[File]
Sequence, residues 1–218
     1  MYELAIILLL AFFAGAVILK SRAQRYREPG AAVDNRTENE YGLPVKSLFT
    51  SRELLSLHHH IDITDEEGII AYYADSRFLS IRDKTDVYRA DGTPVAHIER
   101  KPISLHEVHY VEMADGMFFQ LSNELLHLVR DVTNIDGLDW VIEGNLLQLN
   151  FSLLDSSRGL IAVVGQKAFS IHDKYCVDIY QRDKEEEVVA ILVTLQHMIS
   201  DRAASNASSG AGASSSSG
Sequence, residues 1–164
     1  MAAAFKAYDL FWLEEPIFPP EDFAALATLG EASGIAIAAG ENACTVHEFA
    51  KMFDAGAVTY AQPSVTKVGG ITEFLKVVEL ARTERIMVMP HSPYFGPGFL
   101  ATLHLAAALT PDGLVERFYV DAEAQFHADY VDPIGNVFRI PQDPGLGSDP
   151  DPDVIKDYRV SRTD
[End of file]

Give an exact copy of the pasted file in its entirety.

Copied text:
Sequence, residues 1–218
     1  MYELAIILLL AFFAGAVILK SRAQRYREPG AAVDNRTENE YGLPVKSLFT
    51  SRELLSLHHH IDITDEEGII AYYADSRFLS IRDKTDVYRA DGTPVAHIER
   101  KPISLHEVHY VEMADGMFFQ LSNELLHLVR DVTNIDGLDW VIEGNLLQLN
   151  FSLLDSSRGL IAVVGQKAFS IHDKYCVDIY QRDKEEEVVA ILVTLQHMIS
   201  DRAASNASSG AGASSSSG
Sequence, residues 1–164
     1  MAAAFKAYDL FWLEEPIFPP EDFAALATLG EASGIAIAAG ENACTVHEFA
    51  KMFDAGAVTY AQPSVTKVGG ITEFLKVVEL ARTERIMVMP HSPYFGPGFL
   101  ATLHLAAALT PDGLVERFYV DAEAQFHADY VDPIGNVFRI PQDPGLGSDP
   151  DPDVIKDYRV SRTD